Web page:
‘It’s a small flag, but it stands for a big thank you…’
(Lionel Parrott, Liberty Headlines) A retired Air Force veteran in Florida was forced to sell his home after refusing to pay a fine for displaying a U.S. flag on his porch, the Washington Post reported.
The man, Larry Murphree, was one of the first residents of the Tides Condominiums in Sweetwater, Florida.
A safe gated community for older adults, with plenty of amenities, the only problem was the “mind-numbing sameness” of the condos, which were so similar to each other that neighbors frequently drove up the wrong driveway.
Seeing this as not a bug, but a feature, the neighborhood cracked down on efforts to personalize the appearance of the homes, and the homeowners association was vigilant about looking for violations.
Some residents would get letters about inappropriate Christmas lights or flowers planted around mailboxes.
Things got worse when a new homeowners association board was elected, and in Murphree’s words, “they kept tightening the noose.”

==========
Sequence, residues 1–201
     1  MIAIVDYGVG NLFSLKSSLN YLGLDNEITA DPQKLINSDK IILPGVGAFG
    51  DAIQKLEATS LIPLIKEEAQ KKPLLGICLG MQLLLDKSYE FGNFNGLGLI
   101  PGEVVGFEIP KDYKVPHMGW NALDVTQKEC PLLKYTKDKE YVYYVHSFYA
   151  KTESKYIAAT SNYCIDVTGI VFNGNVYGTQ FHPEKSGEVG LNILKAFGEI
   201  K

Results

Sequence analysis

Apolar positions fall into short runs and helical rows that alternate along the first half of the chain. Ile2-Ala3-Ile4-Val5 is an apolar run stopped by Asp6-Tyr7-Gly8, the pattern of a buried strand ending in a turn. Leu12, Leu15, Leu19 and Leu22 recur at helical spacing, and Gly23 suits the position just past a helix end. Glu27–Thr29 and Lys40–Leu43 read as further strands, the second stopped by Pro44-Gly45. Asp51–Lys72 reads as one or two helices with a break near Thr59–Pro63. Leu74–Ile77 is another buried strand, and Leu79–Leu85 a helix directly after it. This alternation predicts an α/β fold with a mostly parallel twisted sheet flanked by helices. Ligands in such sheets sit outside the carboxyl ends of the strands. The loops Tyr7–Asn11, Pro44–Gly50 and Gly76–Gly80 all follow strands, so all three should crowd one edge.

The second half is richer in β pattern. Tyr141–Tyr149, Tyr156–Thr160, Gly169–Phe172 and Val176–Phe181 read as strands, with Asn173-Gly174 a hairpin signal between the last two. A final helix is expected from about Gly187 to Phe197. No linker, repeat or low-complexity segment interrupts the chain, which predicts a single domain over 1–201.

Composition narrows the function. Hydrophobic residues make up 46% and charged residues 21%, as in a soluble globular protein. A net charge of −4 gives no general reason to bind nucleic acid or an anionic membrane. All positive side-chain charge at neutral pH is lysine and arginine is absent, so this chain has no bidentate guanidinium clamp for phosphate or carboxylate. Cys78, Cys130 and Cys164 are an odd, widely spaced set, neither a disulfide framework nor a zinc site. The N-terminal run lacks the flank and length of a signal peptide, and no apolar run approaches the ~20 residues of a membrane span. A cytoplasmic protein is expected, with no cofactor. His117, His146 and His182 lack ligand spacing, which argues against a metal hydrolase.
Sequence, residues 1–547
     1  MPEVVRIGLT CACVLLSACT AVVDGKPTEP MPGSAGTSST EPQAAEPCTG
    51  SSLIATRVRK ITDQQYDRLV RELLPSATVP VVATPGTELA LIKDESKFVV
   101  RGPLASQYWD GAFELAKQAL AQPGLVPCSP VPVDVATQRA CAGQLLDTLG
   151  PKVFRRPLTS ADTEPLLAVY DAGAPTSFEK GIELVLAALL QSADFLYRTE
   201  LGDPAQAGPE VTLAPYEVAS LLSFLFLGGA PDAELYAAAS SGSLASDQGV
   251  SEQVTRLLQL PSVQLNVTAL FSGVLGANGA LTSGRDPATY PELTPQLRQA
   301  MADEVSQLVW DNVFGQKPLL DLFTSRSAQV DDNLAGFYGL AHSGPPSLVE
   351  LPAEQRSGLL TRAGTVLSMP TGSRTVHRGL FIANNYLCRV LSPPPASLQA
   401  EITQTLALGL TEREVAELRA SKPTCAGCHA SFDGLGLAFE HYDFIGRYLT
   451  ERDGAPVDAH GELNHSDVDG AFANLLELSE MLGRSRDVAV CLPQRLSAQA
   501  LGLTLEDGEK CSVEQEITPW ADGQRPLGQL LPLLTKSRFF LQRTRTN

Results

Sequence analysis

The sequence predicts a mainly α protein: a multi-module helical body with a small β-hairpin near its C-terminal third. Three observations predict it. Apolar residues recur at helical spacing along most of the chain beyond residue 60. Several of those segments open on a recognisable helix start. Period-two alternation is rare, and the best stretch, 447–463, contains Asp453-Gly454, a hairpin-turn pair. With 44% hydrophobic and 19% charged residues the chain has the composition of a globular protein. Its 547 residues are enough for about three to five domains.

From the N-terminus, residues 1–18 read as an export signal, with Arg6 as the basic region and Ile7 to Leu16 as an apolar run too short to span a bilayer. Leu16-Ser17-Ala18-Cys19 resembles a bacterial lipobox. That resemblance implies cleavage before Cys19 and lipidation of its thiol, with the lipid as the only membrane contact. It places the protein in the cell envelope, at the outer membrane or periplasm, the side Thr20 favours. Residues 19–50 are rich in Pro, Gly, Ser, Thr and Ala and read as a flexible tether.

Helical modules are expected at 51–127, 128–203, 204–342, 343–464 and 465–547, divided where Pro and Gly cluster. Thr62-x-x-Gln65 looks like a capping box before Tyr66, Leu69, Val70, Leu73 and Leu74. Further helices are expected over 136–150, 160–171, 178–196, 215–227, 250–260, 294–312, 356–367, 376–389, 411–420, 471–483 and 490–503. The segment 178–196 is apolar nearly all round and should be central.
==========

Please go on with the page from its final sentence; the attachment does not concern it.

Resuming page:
That’s when Murphree received notice of an “unauthorized object” – the American flag – on his front porch, with demands from the homeowners association that he remove it.
If not, he would be fined $100 every day.
The flag was just 17 inches and placed in a flower pot.
But Murphree refused to comply with their demands. Instead, he got angry.
“I lost it,” he said, describing how he felt after getting the letter. “It just dawned on me there’s people that strap on a gun every day to protect me and the people I love. It’s a small flag, but it stands for a big thank you.”
Thus, for seven years Murphree battled the homeowners association, racking up hundreds of thousands of dollars in legal fees, just so he could express his thanks.
In response, the association appears to have targeted him, tagging him for not parking his car correctly in his driveway and for powering his Christmas lights in an incorrect manner.
Despite his valiant efforts, three years ago Murphree was forced to sell his home.
He now lives almost five hours north, in St. Augustine.
The bright spot? He still has one more day in court.
He’s suing the homeowners association for $1 million, contending that he had the right to display the flag under both Florida and U.S. laws.
His attorney, Gust Sarris, summed up the case this way: “Should any man who served in the military lose his home, a retirement home, because they want to be patriotic?”
Check out the article from the Washington Post here.